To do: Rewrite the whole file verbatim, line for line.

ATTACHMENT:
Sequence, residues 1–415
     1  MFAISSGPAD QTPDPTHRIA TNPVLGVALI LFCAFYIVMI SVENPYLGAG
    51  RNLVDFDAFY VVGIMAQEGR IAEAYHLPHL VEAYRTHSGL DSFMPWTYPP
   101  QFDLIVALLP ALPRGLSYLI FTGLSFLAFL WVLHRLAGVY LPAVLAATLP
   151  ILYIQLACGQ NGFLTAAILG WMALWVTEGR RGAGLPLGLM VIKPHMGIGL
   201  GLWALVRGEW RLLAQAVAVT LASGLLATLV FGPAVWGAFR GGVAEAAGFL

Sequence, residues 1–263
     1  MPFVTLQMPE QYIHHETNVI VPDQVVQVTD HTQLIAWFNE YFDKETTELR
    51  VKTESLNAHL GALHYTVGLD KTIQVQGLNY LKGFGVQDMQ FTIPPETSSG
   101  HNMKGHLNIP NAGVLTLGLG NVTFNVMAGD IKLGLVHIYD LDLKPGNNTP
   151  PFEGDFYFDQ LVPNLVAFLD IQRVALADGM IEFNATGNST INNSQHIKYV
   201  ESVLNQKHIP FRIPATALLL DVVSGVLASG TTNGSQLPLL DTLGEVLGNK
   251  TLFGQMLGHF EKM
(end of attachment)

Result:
Sequence, residues 1–415
     1  MFAISSGPAD QTPDPTHRIA TNPVLGVALI LFCAFYIVMI SVENPYLGAG
    51  RNLVDFDAFY VVGIMAQEGR IAEAYHLPHL VEAYRTHSGL DSFMPWTYPP
   101  QFDLIVALLP ALPRGLSYLI FTGLSFLAFL WVLHRLAGVY LPAVLAATLP
   151  ILYIQLACGQ NGFLTAAILG WMALWVTEGR RGAGLPLGLM VIKPHMGIGL
   201  GLWALVRGEW RLLAQAVAVT LASGLLATLV FGPAVWGAFR GGVAEAAGFL

Sequence, residues 1–263
     1  MPFVTLQMPE QYIHHETNVI VPDQVVQVTD HTQLIAWFNE YFDKETTELR
    51  VKTESLNAHL GALHYTVGLD KTIQVQGLNY LKGFGVQDMQ FTIPPETSSG
   101  HNMKGHLNIP NAGVLTLGLG NVTFNVMAGD IKLGLVHIYD LDLKPGNNTP
   151  PFEGDFYFDQ LVPNLVAFLD IQRVALADGM IEFNATGNST INNSQHIKYV
   201  ESVLNQKHIP FRIPATALLL DVVSGVLASG TTNGSQLPLL DTLGEVLGNK
   251  TLFGQMLGHF EKM